Using the thttpd Web Server.
The World Wide Web is an integral part of the Internet. In fact, in many peoples’ eyes, the Web is the Internet. Although this view is incorrect (it ignores email, FTP, and many other protocols), it does reflect the importance and visibility of the Web to average users.
Just what is the Web, though, and how is it implemented? At its core, the Web is a series of server computers that run server programs implementing the Hypertext Transfer Protocol (HTTP) and its secure variant, HTTPS. According to an ongoing Netcraft survey available at http://news.netcraft.com/archives/web_server_survey.html, the most popular Web server software by far is Apache (http://httpd.apache.org/). In January, 2006 (the latest figures available as the magazine goes to press), Apache manages almost 70% of the Web sites surveyed. The next most popular server package, Microsoft’s IIS, manages just under 21% of the Web’s sites. Apache is available for Linux — in fact, all major Linux distributions ship with Apache — so if you want to run a Web site on the market- leading package, you can do so.
Despite its hugely dominant position, though, Apache isn’t the only choice in web servers, nor is it necessarily the best choice. Apache is a large program with lots of features, which makes it very flexible. These characteristics also mean that Apache consumes a lot of resources and, at least in theory, make it more susceptible to bugs than smaller packages. (In practice, of course, other factors can affect “bugginess”; Apache isn’t necessarily any more buggy than a slimmer web server package.) If you’re running a Web site on a computer with minimal hardware or if you don’t need all of Apache’s features and would rather avoid the possibility of encountering bugs related to features you don’t use, you might want to look into alternatives.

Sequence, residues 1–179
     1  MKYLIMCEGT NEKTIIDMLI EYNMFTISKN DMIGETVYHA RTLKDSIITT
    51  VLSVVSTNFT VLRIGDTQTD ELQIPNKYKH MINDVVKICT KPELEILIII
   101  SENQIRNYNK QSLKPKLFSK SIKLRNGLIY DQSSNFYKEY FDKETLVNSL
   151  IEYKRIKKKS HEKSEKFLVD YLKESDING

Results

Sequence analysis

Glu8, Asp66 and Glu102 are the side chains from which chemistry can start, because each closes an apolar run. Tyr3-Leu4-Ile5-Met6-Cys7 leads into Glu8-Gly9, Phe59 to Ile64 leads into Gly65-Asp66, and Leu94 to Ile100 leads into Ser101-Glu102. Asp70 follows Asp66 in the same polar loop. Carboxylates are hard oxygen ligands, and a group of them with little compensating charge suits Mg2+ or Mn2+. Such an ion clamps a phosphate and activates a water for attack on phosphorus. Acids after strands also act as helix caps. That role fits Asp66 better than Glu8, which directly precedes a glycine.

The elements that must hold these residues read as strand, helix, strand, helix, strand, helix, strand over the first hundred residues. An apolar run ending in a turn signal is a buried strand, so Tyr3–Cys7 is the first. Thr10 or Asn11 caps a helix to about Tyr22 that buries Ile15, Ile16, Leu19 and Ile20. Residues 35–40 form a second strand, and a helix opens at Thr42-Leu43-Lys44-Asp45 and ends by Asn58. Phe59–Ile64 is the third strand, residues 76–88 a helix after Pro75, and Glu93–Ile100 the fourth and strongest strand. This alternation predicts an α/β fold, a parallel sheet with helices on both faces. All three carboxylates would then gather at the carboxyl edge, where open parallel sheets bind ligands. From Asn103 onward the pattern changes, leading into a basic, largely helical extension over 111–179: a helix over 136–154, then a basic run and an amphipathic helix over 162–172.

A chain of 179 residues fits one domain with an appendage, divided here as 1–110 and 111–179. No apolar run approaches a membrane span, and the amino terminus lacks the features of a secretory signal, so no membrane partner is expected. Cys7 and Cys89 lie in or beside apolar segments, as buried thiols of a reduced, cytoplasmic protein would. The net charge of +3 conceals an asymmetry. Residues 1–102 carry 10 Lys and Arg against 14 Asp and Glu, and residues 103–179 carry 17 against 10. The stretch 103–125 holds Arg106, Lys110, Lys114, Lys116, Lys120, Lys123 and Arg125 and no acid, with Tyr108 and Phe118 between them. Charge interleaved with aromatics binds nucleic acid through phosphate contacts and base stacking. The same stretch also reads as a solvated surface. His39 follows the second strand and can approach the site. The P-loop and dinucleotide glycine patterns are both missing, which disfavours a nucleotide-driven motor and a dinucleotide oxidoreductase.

Web Server Features
Just why is Apache such a big program? Apache supports several features that add to its size, including the ability to manage dynamic content (CGI scripts), SSL encryption, output filtering, proxy load balancing, and so on. Many of these features are important for large Web sites but are unimportant for small ones. Even much of the content served from large sites doesn’t rely on these features; such sites might combine Apache with a smaller server (perhaps running on another computer) to help reduce the load on the main Apache system.